As members of Congress prepare to re-open the debate on patent reform, they would do well to consider they have probably recently eaten food. They might have looked up recipes or pictures of that food online. They may even have counted the calories in that food, or used a website to help figure out how healthy their meal was.
And they just might have aided and abetted a highly illegal act of infringement of a United States patent.
That is the claim of a company called DietGoal LLC, which owns a patent on a “computerized meal planning interface” and has sued food establishments from Arby’s to Whole Foods. And what exactly did DietGoal “invent”? To mildly paraphrase the patent: a user interface, a selection of foods you can arrange into meals and a picture menu showing those meals so you can select one based on your health needs.
In other words, a computer program that helps you pick your dinner.
This sort of patent silliness is nothing new — you may have heard of the infamous patent on a “Method of Swinging on a Swing.” But research a colleague and I conducted reveals how prevalent this silliness is, and how serious an impact it has on our economy.
Patent law theoretically has a way to keep this absurdity at bay: a legal principle that “abstract ideas” cannot be patented. “Abstract idea” is shorthand for basic concepts and things people do all the time — “longstanding” or “fundamental” practices, says the Supreme Court.
But lawyers cleverly found ways around this prohibition on patenting ideas. They built up a wall of law suggesting that an abstract idea could be patented simply by adding a general-purpose computer to the patent.
And this retaining wall held up for almost two decades, until the Supreme Court saw through the strategy. Just this summer, the case Alice v. CLS Bank declared that an abstract idea could not be patented merely by mentioning a general-purpose computer.
Once Alice broke the wall, much spilled out for the world to see. Following Alice, the U.S. Patent and Trademark Office conducted an audit for any patents on abstract ideas that were about to be granted. Examiners found 830 cases and withdrew them from the grant process.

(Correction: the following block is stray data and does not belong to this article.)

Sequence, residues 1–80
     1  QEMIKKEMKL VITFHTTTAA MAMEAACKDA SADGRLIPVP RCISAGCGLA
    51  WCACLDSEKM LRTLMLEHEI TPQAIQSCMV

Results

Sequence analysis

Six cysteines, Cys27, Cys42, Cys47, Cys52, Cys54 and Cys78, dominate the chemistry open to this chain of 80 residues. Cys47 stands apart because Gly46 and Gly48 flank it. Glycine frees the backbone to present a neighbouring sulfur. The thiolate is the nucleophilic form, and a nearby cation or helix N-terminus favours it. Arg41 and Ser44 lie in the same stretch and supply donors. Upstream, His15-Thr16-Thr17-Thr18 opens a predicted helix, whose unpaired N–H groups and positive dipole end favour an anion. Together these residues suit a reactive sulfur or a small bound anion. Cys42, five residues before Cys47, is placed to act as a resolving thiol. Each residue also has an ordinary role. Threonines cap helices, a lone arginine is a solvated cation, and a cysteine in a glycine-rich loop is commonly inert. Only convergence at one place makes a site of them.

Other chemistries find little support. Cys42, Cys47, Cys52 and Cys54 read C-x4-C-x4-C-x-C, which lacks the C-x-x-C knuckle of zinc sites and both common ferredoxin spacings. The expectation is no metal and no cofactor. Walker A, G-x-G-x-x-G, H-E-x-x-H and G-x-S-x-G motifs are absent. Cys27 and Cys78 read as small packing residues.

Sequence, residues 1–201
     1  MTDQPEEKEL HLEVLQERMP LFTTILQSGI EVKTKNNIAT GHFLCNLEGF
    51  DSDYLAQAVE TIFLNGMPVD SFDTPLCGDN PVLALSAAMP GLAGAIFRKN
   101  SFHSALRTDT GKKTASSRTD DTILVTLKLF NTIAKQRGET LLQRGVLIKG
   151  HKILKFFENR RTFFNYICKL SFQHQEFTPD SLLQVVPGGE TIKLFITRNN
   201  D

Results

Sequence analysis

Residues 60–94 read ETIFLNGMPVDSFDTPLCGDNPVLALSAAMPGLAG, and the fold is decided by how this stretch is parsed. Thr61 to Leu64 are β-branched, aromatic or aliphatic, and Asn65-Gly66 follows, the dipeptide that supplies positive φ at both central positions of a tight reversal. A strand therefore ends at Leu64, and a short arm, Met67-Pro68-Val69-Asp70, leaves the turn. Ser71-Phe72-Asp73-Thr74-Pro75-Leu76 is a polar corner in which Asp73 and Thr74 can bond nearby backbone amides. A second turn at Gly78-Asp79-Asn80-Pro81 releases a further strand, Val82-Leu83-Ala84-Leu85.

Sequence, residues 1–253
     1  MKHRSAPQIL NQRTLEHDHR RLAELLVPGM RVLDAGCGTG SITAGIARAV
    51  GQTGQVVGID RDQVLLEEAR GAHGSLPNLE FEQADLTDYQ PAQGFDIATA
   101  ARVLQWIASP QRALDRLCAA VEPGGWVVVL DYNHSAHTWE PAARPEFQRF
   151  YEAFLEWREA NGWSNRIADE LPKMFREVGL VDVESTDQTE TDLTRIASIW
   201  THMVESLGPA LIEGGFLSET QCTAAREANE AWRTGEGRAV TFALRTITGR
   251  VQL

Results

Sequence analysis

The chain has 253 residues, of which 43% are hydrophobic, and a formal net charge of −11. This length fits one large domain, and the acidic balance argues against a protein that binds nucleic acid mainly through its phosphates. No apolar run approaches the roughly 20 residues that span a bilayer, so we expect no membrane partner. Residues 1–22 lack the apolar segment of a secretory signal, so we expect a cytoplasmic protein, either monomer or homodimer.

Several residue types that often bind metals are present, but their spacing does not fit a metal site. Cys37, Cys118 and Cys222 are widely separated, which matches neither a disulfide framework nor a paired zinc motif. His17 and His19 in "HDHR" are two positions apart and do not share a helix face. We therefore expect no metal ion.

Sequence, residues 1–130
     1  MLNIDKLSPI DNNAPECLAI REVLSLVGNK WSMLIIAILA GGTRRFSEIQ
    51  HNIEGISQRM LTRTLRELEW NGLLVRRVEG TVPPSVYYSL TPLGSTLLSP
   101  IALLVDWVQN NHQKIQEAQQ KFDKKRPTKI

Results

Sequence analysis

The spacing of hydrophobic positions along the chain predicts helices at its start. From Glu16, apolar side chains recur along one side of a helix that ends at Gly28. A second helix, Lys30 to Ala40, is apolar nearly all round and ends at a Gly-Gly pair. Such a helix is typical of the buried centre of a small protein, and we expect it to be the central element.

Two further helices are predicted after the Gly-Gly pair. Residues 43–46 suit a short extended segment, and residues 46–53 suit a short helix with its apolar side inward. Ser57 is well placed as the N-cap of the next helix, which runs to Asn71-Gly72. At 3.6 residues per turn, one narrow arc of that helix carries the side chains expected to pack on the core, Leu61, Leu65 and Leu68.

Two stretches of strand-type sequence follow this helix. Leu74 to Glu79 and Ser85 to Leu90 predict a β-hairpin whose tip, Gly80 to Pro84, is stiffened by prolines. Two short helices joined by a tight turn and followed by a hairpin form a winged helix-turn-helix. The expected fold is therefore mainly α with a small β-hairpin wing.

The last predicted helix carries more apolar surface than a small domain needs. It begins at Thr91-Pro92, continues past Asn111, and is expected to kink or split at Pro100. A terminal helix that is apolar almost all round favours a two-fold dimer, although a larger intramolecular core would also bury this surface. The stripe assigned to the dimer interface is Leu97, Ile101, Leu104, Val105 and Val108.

We obtained the list and found patent applications on:
A personality quiz for whether you and your pet are the same “personality color” (I’m orange, apparently.) (2009)
Not overeating by weighing your food and eating slowly (2009)
Targeted advertising, Google Adwords–style, to hospital patients based on which organ they are having surgery on (2011)
Blackjack scored using Baccarat scoring (2012)
Displaying a virtual spinning roulette wheel (2011)
Showing happy pictures if you have enough gas in your car (2011)
Remember, these were on the verge of becoming real, enforceable patents.
I have nothing against these ideas. Many were likely the seed for a useful product or new business. But they are just ideas, meant not to be monopolized but to be shared and grown into products that all can enjoy. Baccarat-blackjack is for two kids in camp to devise, not for United States law to enjoin.
Half of the solution is Alice, which stops such patents from being issued. But half is dealing with patents already out there. The Patent Office audited only a five-month window of patent applications, and already identified hundreds of problems.
Speculators find these patents and exploit them because businesses, like those restaurants DietGoal sued, cannot afford the expense of litigation, which can cost millions. Patents thus become toxic weapons leveled against industry in a shotgun approach intended not to succeed on the merits but rather as a contest of wills in the courts.
This is why Congress last year focused on reforming patent litigation to protect against abusive practices. It is why the next Congress will almost certainly take up the issue again in January.
It is to ensure these patents on abstract ideas don’t create problems for real people. It is to motivate patent owners to lean on the merits of the case rather than the persistence of lawyers. It is to trim down our patent system, now bloated with unnecessary patents and lawsuits, to promote invention rather than taxing this trait.
And that’s a diet goal to support.
Charles Duan is the director of the Patent Reform Project at Public Knowledge.